Central America and the Caribbean

This region has all the ingredients for an epic adventure

Central America - SlothBridging the gap between the mellow Caribbean Sea and the invigorating Pacific Ocean, Central America is a playground of sultry cloud forest, volcanic peaks and colourful festivals. Explore towns and villages where colonial splendour meets indigenous pride, or spend time with nature in one of the many eco reserves. Mayan ruins shrouded in jungle creepers compete with pristine lakes, incredible biodiversity, boisterous mountain markets and sugary white beaches for your attention, while the exuberance and open hearted welcome of the locals - not to mention the tempting food - is the icing on the cake.

Highlights of Central America & the Caribbean

Ixil triangle (Guatemala)

Witness the heritage of the indigenous Maya people in the villages and hills around scenic lake Atitlan. To get to the root of their traditional culture, venture into the highland villages of the Ixil triangle.

Colonial glories (Guatemala)

Antigua in Guatemala and Granada in Nicaragua are two colonial jewels glinting amid the lush landscapes of Central America. Take some time out from all that nature, stroll among the cobblestone streets and colourful facades, take in a museum or stop for a coffee.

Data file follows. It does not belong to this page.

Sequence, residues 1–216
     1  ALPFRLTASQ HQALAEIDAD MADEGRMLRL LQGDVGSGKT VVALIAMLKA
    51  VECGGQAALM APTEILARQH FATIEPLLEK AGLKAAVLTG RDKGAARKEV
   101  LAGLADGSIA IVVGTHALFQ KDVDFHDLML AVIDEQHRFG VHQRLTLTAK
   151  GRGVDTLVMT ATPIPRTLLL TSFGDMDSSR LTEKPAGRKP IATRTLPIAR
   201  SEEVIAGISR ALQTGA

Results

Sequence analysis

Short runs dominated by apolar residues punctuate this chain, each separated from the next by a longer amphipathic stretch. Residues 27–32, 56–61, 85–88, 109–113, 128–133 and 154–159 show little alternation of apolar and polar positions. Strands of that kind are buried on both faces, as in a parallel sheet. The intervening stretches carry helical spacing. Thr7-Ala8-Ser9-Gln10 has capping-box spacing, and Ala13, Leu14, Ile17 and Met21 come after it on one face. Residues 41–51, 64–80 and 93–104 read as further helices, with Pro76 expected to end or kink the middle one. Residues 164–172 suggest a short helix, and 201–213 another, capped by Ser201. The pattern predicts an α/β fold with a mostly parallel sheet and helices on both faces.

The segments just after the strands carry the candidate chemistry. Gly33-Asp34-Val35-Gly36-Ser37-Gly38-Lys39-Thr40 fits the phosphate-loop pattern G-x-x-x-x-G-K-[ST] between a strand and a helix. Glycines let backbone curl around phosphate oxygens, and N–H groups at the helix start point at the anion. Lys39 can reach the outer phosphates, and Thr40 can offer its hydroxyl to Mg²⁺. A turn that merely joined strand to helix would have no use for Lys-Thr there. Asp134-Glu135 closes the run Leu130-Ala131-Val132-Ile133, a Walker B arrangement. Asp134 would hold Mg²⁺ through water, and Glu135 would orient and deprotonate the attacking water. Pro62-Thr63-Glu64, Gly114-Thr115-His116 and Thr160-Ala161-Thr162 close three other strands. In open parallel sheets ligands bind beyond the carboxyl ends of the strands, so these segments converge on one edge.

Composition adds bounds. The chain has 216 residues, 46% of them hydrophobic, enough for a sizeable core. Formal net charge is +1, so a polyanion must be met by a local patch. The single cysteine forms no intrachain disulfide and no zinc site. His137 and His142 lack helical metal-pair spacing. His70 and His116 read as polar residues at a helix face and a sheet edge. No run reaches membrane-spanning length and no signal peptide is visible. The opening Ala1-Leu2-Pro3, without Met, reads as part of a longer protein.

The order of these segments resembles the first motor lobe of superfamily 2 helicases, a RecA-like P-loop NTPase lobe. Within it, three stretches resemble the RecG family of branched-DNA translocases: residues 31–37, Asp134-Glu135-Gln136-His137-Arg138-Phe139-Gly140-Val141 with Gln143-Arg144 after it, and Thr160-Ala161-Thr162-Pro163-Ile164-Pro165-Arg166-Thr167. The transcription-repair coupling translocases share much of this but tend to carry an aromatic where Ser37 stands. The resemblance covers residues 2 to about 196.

Mayan Ruins (Guatemala & Belize)

The most important Mayan monuments anywhere will not disappoint. Deep in the jungle, five substantial temple structures and dozens of other, smaller ruins are scattered among the rampant vegetation and thronged with birds, bats, monkeys and many other rainforest creatures.

Forest adventures (Costa Rica)

Stay overnight at a lodge in Monteverde cloud forest, allowing dawn wildlife-watching before the national park gets busy, when some of the shyer species retreat further into the forest. Head south to Corcovado National Park for the trail less trodden and the chance to lay eyes on some exciting wildlife without the crowds.

When to go

Temperatures are fairly stable through the year and, barring some of the more impenetrable tracts of the lowland jungle which can become inaccessible in heavy rain, the whole region can be considered a year-round destination. October to April is the drier season, and is generally also the busiest period to visit, with Christmas, New Year and Easter the real flashpoints. The rest of the year is the rainy season, when you can expect around 2 hours of heavy rain most days. Some areas of elevation and coastline are subject to local microclimates that do not always follow the broader seasons but if you are prepared to cope with some rainfall, Central America is open for business all year long.

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